I’d always assumed that we wouldn’t get to see him until he was home and quite a good bit bigger.  It’s not that the kids couldn’t be suitable gentle but they’re little germ factories at the best of times and no one wants that with a premie baby in the house.  But then we were talking, and I remembered that I had a meeting in our London office on Tuesday, and we hatched a plan.

Work finished, I took a tiny detour in the direction of Konditor & Cook for the most amazing box of mini cakes, and caught the tube heading south.  And in about the time it would take me to get most of the way to Warwickshire on the overground train, I made it to the hospital, made it through the hospital (a serious feat in itself) and found my sister, and then together we went to see her baby.

Even when you know that he’s going to be small for a newborn and even smaller compared to my babies, who all saw 41 weeks in utero with the corresponding weight gain, the only reaction I think anyone has had to meeting Peregrine is, “Oh! He’s so small!”

He is the dinkiest little boy and was clearly more than happy to be cuddled up on his mama and snooze for an hour of so while we chatted.  And while Rosie could see the top of his head, I was getting all the expressions, from blissfully fast asleep to the occasional accidental sort of smiles.  I have a couple of really beautiful photos that I took while we were there; Peregrine cuddles up and Rosie looking down at him, but anyone who’s ever done kangaroo care will probably be able to hazard a guess as to why I’m not sharing them on the internet.  The pictures above are from the day I visited, and those below are more recent and it’s amazing how much he’s changed even in a few days.

With the wee boy tucked back up into his incubator, and in a vest for the very first time, we sat on her bed in the postnatal ward and ate all the cake, and laughed until she told me off for making her tummy hurt, and then laughed a little bit more.  I tied her hair up in bunches with the cake ribbons and threatened to leave them in until the next doctor’s round, read magazines and talked about all the ordinary things of a sister chat that usually takes place though a computer screen.  I don’t think we’ve been together in person without our children since before we had children, and I’m going to hope that the reason they moved her to a private room after I left was because she’d been in for a while, and not just because we talked the hind leg off a donkey and they wanted to give the rest of her ward a break.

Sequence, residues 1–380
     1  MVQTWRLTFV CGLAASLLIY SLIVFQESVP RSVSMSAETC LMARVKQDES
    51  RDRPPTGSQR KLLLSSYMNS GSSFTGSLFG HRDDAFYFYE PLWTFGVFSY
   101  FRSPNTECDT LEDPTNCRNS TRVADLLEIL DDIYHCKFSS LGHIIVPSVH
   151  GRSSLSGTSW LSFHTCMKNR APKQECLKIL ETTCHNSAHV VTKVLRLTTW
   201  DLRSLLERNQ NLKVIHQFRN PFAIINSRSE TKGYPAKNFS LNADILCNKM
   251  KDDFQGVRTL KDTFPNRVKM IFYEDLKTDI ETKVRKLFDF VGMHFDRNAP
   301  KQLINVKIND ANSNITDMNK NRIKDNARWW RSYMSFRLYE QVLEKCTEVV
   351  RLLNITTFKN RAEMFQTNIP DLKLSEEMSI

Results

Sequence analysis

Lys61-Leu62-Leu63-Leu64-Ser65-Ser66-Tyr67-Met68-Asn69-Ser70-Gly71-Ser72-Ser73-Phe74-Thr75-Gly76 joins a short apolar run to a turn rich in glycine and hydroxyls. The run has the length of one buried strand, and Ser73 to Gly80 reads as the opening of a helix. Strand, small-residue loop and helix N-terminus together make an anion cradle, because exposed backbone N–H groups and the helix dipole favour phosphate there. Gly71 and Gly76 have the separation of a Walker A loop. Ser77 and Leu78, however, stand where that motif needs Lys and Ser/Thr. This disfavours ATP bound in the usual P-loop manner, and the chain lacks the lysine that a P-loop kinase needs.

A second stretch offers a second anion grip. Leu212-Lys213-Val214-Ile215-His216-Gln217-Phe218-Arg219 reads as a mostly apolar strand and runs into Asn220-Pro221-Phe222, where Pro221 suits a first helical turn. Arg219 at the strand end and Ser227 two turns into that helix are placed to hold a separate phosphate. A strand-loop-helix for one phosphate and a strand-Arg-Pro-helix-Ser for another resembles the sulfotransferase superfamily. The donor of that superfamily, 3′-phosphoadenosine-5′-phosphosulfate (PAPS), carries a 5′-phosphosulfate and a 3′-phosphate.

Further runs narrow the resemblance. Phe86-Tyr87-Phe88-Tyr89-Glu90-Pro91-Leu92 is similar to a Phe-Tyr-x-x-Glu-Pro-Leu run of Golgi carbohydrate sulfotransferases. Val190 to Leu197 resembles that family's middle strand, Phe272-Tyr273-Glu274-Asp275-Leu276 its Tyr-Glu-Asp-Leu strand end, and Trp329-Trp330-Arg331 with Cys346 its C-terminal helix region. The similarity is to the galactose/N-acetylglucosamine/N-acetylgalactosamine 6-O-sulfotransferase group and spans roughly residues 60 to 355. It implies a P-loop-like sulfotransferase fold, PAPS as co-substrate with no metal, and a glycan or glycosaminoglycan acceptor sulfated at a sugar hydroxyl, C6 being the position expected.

Rosie teases me that my meeting was the reason why her baby had to come so early; just so I could meet him at a few days old, and whilst I suspect it was just a teeny tiny bit more medical than that, I’m so happy that the timing worked perfectly. By the time I got back across London and on the train and in the car and through the front door I just about managed to say hi to John before falling fast asleep on the sofa but it was a wonderful completely out of the ordinary treasured moment to spend that time with her, to be guilt-free company to while away the boredom of the postnatal ward knowing that the world’s best eldest nephew was having a treat with Daddy and Grandma; a little bit of silly sisterhood after some intense few days.